Since you haven't explicitly mentioned which academic discipline this concerns, and as EnergyNumbers mentioned in the comment, different disciplines may have different conventions, I'll answer in terms of my discipline, (Theoretical) Physics. I would be horrified if it so turns out that things are any different in any other scientific discipline (at least).

Whenever an article gets submitted for publication, one has to''accept'' a declaration that all those people who made significant contributions were (at least) offered co-authorship. If they decline to be an author, that's a different story. As PVAL mentioned above in a comment, it is academic dishonesty if someone is sitting in the author list without having contributed anything significant to the investigation. Even if you discount the ''politics'', as you mentioned, the other team is frowning because your supervisor is ''not involved in the project''. If that means that he only offered occasional advice, perhaps born out of his experience with doing similar things, (''have you tried ...'' variety), then the right place for him is in the acknowledgements section. Just mention, ''we thank [his name] for helpful discussion/ inputs ...'' etc. But if it means that you want to include his name only because ''what I learned came from him'', I'm afraid I have to point out that authorship is not a Christmas card. (By the same token, why not include your parents, or your spouse, or your high school teachers - you owe a lot to them also :P). It is WRONG to include any person who didn't contribute TO THE INVESTIGATION, howsoever highly regarded he may be in your personal life.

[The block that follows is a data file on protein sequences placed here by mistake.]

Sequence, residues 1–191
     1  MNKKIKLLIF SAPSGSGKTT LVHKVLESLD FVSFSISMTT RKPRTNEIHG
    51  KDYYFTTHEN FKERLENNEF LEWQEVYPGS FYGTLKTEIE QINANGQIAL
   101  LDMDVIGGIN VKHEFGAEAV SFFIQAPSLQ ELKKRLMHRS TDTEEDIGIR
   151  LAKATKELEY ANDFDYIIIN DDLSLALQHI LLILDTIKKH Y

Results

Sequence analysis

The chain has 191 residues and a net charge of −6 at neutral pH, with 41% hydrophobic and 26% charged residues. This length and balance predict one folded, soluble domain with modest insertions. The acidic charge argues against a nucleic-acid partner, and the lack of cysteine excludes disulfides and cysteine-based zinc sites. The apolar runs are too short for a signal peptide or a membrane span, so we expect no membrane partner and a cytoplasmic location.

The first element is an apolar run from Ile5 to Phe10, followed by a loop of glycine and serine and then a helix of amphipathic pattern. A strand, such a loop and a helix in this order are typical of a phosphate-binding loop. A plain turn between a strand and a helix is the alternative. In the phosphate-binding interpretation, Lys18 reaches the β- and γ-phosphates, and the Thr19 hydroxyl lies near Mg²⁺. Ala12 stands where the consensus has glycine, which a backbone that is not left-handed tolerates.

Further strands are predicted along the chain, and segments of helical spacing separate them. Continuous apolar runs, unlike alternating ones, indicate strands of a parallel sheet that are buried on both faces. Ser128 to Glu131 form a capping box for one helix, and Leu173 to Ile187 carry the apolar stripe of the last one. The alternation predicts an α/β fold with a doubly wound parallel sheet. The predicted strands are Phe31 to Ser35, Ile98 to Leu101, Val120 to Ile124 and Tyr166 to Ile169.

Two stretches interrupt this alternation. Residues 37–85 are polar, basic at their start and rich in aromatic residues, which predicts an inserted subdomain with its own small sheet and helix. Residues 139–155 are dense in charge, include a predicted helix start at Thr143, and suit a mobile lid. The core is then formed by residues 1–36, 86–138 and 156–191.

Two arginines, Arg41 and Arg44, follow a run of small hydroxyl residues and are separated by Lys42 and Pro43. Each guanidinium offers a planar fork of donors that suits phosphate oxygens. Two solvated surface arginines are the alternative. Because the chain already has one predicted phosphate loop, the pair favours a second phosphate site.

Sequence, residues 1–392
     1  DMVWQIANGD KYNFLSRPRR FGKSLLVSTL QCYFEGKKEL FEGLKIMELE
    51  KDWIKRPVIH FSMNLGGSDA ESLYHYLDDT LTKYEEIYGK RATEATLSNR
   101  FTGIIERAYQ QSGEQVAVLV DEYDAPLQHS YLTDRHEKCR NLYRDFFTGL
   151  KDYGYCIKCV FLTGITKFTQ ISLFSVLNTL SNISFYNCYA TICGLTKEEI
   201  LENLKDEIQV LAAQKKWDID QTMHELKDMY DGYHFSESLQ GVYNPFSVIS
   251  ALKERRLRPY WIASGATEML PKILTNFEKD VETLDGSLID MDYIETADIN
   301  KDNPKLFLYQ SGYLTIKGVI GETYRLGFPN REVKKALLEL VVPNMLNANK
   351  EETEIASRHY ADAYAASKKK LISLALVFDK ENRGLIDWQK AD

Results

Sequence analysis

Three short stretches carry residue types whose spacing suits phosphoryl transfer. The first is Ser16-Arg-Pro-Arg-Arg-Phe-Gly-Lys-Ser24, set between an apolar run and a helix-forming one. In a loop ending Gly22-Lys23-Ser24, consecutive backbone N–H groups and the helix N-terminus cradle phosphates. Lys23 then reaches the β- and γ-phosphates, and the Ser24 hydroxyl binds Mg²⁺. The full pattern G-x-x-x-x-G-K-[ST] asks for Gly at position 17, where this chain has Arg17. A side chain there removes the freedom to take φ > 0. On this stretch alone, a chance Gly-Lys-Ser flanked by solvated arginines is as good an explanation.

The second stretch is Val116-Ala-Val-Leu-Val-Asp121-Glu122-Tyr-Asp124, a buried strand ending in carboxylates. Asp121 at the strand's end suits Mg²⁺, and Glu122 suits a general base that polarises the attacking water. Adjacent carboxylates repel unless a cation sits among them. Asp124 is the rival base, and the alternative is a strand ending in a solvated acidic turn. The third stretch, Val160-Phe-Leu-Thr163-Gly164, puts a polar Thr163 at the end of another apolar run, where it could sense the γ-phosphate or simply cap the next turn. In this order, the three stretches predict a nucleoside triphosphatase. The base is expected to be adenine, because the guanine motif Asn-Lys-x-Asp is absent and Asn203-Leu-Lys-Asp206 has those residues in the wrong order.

But having said that, here's some seasoned advice - Go and talk to your supervisor in private and explain the situation. Ask him whether or not you should include him in the list, fighting opposition from the other co-authors. It is possible that he may have been in this situation before (whichever side), so he will show you the light. One-to-one dialogues go a long way in resolving these sort of harmless dilemmas.

Besides, that will serve another purpose - you will show him that you ''respect'' him so much that you want to gift him authorship in an investigation that he hasn't contributed to at all :P. (I expect that any sensible man would decline in this situation).

  • 3
    +1 for talking to the supervisor. Learning that the other side has opposed to his co-authorship, he will probably not want it anyway => OP's problem solved.